Keeping it tight with Astro.

August 3, 2023

For a number of years, my personal site has been built on Next.js. I recently decided I wanted to start writing independently (so that I can randomly lob my thoughts out into the internets), and so I embarked on the journey of adding MDX blogging to my existing Next.js 13 site.

I quickly ran into Next.js yelling at me about adding "use client" or something (probably my fault), and decided that the complexities of server and client components – and the fat client-side bundle Next.js ships by default – just wasn’t worth it for something fundamentally as simple as my portfolio/blog site.

Tight like skinny

So, say hello to my little friend: Astro. Astro is a relatively new web framework with a fundamentally different value proposition than the rest of them: you can use your favorite frontend framework as a backend templating language, and ship client-side framework code only when you really need it (e.g. when an interactive component comes into the viewport).

For me, it’s basically the perfect framework for building my personal site. I can use Preact or Svelte for templating or when I want to make interactive components, but ship nearly zero client-side JS on pages where nothing crazy is going on. For example, here’s my home page:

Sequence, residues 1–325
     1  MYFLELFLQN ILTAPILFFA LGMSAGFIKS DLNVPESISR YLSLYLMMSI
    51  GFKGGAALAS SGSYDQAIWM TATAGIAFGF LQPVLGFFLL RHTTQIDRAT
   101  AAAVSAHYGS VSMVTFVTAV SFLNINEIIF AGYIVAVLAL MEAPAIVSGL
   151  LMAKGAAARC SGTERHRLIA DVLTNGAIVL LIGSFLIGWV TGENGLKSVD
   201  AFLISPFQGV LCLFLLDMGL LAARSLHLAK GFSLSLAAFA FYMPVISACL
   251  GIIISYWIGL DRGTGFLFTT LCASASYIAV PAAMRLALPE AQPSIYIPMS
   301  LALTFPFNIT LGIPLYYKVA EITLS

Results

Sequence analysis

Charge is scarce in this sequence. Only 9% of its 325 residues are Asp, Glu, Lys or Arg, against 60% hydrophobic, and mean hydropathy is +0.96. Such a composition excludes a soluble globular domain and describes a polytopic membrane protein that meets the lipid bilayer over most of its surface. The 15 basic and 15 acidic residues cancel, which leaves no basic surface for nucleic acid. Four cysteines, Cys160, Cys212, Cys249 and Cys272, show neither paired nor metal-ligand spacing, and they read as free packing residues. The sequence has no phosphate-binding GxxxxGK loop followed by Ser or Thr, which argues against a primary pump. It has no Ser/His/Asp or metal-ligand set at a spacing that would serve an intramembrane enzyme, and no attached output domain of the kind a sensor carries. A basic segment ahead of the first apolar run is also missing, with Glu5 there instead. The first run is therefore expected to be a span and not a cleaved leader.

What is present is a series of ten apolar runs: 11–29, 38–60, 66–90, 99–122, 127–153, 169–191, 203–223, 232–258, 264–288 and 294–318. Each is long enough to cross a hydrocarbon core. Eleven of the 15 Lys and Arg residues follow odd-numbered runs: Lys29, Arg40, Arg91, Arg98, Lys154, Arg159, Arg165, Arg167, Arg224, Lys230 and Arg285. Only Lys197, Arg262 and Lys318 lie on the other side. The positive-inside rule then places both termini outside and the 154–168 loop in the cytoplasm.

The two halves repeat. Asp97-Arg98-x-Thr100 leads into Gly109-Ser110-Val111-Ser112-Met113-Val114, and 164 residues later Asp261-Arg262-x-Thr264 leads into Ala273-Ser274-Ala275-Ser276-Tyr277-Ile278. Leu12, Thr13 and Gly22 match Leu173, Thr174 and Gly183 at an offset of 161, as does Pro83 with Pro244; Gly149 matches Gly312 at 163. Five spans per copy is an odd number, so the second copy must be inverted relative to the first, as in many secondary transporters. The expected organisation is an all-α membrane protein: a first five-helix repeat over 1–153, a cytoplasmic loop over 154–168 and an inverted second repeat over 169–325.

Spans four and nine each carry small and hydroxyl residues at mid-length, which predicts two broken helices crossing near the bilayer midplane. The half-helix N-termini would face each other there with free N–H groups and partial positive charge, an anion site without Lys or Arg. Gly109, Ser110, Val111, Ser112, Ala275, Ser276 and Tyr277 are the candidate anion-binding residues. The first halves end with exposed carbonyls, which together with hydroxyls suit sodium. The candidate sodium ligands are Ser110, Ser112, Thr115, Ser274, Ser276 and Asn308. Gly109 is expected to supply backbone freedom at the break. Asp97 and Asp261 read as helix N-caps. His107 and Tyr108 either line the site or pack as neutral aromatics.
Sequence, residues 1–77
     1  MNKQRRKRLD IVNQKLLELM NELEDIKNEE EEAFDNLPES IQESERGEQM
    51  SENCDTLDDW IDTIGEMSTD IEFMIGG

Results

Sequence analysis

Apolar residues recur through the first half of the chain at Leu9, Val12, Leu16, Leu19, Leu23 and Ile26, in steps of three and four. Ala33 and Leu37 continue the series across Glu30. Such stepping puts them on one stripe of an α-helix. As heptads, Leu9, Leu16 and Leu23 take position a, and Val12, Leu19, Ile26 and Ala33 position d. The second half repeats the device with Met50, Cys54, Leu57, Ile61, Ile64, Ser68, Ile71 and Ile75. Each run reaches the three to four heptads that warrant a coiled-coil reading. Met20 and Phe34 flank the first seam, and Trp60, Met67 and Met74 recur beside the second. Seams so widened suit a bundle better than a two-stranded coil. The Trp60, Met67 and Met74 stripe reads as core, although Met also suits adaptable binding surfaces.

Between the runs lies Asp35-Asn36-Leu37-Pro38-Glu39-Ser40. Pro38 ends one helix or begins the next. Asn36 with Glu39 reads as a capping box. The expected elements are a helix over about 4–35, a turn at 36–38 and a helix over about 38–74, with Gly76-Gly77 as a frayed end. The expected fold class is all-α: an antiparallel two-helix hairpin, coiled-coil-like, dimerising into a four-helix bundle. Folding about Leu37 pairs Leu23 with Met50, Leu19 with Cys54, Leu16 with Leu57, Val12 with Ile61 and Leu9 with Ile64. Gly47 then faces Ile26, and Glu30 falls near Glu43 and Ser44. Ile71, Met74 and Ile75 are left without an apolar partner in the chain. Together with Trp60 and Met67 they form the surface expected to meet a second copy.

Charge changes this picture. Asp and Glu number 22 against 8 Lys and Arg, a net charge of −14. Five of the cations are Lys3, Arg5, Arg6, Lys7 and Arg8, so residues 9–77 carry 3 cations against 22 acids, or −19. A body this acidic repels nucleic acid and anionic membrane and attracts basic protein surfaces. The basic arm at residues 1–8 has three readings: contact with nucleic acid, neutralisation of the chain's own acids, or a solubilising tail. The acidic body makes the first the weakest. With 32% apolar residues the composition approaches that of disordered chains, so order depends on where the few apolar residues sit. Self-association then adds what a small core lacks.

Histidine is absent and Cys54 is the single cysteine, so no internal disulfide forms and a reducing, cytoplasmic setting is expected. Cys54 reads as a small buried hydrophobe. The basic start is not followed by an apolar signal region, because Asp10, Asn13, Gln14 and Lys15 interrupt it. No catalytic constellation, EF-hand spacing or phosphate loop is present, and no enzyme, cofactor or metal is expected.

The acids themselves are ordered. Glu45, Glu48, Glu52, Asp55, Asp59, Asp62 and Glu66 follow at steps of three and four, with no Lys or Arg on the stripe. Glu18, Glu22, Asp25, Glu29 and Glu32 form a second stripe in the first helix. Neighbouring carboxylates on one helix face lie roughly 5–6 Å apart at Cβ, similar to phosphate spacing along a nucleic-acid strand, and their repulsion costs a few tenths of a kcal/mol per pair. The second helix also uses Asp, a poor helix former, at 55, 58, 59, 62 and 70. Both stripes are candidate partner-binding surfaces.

Home page with devtools network tab open, no JS files shown

See that? No JS! If you scroll down a bit, some light Preact + component code will load in asynchronously to handle a bit of user interaction, but it’s only loaded when it’s actually needed. This keeps shit mean and lean. The thing is, there are so many sites that don’t really require that much client-side JS, but developers (including myself) do prefer to use the modern frontend tooling to build out the sites. Astro strikes a nice balance.

Tight like fun

Astro, to a degree, was built for making content-driven sites – and excels at making static sites like this one. There are a lot of things that come nearly for free, which makes the developer experience really enjoyable:

  • Just run npx astro add preact or npx astro add svelte etc to add integration with your favorite frontend framework.
  • Adding TailwindCSS is as easy as npx astro add tailwind.
  • It supports MDX out of the box with some niceties like code highlighting, which is lovely for a developer authoring nerd content.
  • It handles image optimization for you (to a degree). With a tiny bit of code, you can actually leverage Astro’s image optimization pipeline to generate AVIFs and WebPs for you, and serve the right one to the right browser.
  • And a lot more.

Most of the building blocks for building a performant, content-driven site are there – you just have to put them together as you see fit. You don’t have to slog through a ton of boring stuff, like configuring every bit of your Markdown/remark/rehype toolchain or manually writing code to have sharp make next-gen formats of your images.

Tight like cool

Markdown-driven authoring workflows are pretty popular, but there’s a limit to what you can do with Markdown alone. MDX has hit the scene and allowed the addition of frontend components to Markdown – basically indefinitely expanding your horizons (if you try hard enough).